The plan is to have the project completed in time for this year’s Le Mans race in June

Fifty years ago, Ford won the 24 Hours of Le Mans on the back of the original Ford GT40 race cars. This year, the American automaker will make its dramatic return to the world’s most famous endurance race, determined to replicate the smackdown its predecessor laid down on Ferrari, that generation’s dominant team.

But before we start to hype the Ford GT’s return to Le Mans, let’s first take a look back at the car that won the 1966 race. Officially, it was the Ford GT40 Mk. II chassis number P1046 that took the checkered flag that day, earning Henry Ford II the vindication he was seeking in his quest to take the dominant Prancing Horses.

But just as P1046 provided Ford with its historical achievement, history turned out to be less gracious with car. Soon after its win, the race car wasn’t immediately enshrined to a museum as it would had it won in modern times. Instead, Ford inexplicably turned it into a transmission test vehicle, an ignominious fate for a history-making race car.

Today, Rob Kaufman, owner of classic car dealer RK Motor Charlotte, is the proud owner of P1046, having bought it back in 2014 with the intention of bringing it back to pristine condition by scrubbing away all those years of neglect it was subjected to. Kaufman even enlisted the help of Rare Drive, Inc., a restoration firm owned by renowned Ford GT40 historian Mark Allin.

Together, the two firms will take on the task of restoring P1046 and will do so while filming the entire process as part of a multi-part web series, titled “#P1046L: The Legend of Le Mans.” The first episode of the series is the video you can watch above and it details the history of the P1046, from its history-making Le Mans triumph all the way to its present condition. The objective is to have the restoration done by the time the 24 Hours of Le Mans takes place in June 2016. What better way to celebrate the 50th anniversary of Ford’s Le Mans triumph by having the car that won the race make a long-overdue return to the scene of its biggest and most important triumph.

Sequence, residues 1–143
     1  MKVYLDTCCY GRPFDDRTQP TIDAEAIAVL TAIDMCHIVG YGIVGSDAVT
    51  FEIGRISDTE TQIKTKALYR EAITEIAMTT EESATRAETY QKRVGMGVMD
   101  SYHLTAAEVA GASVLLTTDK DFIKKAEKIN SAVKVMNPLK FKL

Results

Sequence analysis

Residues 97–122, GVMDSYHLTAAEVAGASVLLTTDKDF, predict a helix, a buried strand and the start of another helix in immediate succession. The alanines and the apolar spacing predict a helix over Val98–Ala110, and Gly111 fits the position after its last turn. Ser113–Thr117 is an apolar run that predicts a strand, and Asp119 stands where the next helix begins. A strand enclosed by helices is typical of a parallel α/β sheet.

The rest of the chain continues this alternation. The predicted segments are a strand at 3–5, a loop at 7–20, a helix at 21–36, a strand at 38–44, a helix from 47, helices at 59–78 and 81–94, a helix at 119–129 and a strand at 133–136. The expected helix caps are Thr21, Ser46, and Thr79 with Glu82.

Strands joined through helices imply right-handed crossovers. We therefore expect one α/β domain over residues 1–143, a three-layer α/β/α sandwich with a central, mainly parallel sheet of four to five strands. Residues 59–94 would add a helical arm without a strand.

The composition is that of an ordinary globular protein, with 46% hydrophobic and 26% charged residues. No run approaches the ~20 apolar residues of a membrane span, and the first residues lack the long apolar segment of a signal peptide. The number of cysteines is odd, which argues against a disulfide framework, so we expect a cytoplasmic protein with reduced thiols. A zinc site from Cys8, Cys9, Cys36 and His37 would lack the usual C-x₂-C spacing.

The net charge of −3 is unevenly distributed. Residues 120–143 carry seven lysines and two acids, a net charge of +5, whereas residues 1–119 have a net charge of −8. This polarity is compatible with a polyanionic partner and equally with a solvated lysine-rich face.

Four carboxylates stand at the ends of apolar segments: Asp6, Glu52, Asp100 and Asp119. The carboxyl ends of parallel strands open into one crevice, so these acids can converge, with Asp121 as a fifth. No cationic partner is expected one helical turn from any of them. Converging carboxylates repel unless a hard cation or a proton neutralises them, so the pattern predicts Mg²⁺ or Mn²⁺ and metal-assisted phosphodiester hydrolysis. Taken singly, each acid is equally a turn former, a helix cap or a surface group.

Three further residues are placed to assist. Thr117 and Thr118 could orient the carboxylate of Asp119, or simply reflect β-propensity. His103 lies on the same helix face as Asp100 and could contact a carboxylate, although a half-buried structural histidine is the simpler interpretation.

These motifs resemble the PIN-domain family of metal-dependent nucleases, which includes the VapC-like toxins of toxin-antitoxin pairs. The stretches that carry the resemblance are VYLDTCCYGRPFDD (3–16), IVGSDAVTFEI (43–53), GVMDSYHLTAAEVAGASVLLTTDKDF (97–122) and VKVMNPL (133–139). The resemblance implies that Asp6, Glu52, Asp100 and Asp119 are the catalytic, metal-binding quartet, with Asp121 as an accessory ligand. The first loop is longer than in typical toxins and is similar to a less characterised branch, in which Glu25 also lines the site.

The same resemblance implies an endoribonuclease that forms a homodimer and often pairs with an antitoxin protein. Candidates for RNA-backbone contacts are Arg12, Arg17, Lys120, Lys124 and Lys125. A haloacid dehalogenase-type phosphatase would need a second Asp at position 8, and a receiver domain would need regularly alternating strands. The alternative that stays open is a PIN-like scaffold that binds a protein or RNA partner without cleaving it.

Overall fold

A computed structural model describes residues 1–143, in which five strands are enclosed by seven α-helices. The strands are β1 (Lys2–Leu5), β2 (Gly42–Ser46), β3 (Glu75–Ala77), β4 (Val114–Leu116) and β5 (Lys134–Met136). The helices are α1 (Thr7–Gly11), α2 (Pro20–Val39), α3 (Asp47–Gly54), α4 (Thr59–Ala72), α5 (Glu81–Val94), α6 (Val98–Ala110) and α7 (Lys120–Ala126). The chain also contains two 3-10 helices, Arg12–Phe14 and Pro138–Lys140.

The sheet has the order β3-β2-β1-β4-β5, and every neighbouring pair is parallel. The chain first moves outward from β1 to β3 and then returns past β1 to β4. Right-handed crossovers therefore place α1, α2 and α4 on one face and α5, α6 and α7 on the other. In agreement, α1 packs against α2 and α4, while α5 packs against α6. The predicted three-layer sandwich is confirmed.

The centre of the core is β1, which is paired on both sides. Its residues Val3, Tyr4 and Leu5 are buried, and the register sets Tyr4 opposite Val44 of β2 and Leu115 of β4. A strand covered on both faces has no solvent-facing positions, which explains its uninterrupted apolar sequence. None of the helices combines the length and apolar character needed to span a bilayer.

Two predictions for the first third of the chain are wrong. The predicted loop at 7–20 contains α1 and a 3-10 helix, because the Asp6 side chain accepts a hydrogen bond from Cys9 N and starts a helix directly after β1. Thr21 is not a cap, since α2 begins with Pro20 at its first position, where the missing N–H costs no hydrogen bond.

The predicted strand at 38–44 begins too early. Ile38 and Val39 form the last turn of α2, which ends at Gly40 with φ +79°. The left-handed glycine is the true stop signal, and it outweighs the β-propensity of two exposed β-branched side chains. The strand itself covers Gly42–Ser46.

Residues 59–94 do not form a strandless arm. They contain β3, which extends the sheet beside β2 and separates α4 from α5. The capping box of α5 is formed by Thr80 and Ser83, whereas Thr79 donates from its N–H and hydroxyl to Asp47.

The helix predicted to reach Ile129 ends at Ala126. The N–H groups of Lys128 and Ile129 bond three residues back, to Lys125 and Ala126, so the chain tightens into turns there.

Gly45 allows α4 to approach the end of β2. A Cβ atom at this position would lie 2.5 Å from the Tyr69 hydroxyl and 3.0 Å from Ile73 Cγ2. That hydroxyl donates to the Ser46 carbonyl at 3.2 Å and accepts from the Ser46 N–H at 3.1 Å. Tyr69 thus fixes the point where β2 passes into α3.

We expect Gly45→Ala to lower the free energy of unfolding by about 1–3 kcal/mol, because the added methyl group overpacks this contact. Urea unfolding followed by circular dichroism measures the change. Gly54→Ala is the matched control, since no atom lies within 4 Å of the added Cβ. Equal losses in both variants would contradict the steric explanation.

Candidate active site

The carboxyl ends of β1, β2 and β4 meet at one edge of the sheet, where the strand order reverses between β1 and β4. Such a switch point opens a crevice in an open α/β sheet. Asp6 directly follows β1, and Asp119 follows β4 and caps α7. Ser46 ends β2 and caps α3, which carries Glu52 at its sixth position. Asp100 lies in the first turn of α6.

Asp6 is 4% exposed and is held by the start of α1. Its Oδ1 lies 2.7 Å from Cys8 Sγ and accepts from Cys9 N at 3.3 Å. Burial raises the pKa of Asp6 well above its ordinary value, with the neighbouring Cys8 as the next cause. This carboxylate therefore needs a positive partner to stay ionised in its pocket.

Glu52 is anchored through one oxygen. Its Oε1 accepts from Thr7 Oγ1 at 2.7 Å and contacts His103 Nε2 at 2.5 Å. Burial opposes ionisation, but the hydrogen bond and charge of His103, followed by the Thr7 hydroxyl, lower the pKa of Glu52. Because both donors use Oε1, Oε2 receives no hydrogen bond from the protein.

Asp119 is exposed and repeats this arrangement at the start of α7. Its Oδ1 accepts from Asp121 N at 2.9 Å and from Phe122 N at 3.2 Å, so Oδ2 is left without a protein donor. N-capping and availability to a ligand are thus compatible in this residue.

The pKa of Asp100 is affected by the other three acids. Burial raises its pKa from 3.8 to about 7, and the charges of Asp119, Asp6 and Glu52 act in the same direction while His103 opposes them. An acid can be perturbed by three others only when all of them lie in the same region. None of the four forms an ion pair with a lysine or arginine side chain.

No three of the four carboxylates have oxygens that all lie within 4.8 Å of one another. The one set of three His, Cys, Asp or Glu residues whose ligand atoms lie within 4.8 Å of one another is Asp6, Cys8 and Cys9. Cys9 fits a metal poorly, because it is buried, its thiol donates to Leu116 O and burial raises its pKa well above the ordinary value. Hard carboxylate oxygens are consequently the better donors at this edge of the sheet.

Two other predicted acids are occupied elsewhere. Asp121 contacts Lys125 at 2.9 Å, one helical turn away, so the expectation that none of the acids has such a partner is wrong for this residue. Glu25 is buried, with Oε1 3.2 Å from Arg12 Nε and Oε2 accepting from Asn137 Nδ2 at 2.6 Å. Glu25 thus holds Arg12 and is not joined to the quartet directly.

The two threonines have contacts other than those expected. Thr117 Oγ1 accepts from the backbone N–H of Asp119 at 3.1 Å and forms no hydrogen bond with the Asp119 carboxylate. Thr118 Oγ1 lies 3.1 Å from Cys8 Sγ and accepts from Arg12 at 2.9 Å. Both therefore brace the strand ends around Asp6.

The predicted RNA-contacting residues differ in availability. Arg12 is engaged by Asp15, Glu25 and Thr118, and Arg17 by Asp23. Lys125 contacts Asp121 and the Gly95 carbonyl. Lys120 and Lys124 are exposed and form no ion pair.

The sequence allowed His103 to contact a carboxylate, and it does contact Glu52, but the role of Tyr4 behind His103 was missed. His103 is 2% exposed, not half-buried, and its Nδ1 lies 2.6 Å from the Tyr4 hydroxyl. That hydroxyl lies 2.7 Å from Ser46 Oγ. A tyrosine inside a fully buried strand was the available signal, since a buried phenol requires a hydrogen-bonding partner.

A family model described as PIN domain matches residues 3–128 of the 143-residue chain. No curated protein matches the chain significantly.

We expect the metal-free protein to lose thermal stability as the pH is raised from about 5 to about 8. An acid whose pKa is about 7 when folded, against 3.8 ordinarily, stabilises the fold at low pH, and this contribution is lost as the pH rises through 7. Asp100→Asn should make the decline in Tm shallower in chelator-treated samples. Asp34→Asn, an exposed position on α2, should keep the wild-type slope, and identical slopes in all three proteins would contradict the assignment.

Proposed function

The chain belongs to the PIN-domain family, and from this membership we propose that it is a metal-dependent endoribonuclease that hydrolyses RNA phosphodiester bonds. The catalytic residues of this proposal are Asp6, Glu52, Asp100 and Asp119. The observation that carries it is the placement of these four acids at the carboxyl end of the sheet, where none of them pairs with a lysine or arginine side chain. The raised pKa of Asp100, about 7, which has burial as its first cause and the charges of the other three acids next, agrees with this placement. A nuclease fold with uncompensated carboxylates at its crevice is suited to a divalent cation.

Continue after the jump to read the full story.

Why it matters

First of all, I think it’s an absolute travesty that the Ford GT40 P1046’s life turned out the way it did. I don’t know whose decision it was to turn what is arguably one of Ford’s most iconic race cars into a transmission mule, but whoever made that decision was clearly in the wrong. That’s not how you treat a race car that ended Ferrari’s six-year dominance at Le Mans. It’s just wrong on so many levels.

That said, I’m happy that the P1046 is finally getting the love and affection it has deserved for the last 50 years. I give credit to the people of RK Motors Charlotte and Rare Drive for taking this challenge and restoring the GT40 back to prominence. The fact that it’s being done in time for the 50th anniversary of Ford’s Le Mans triumph makes it even more special.

I just hope that once P1046 is fully restored, everyone will begin to have a new-found appreciation for the car and what it means to the history of American motor sports. Remember, Ford’s the only American manufacturer to win at Le Mans and this was the car that first did it. I would’ve assumed that it would have a higher place in the annals of the most important race cars in American history, but now that it’s being brought back to life, I’m pretty sure that it would be treated far better today than how it was treated back then.

What do you think?
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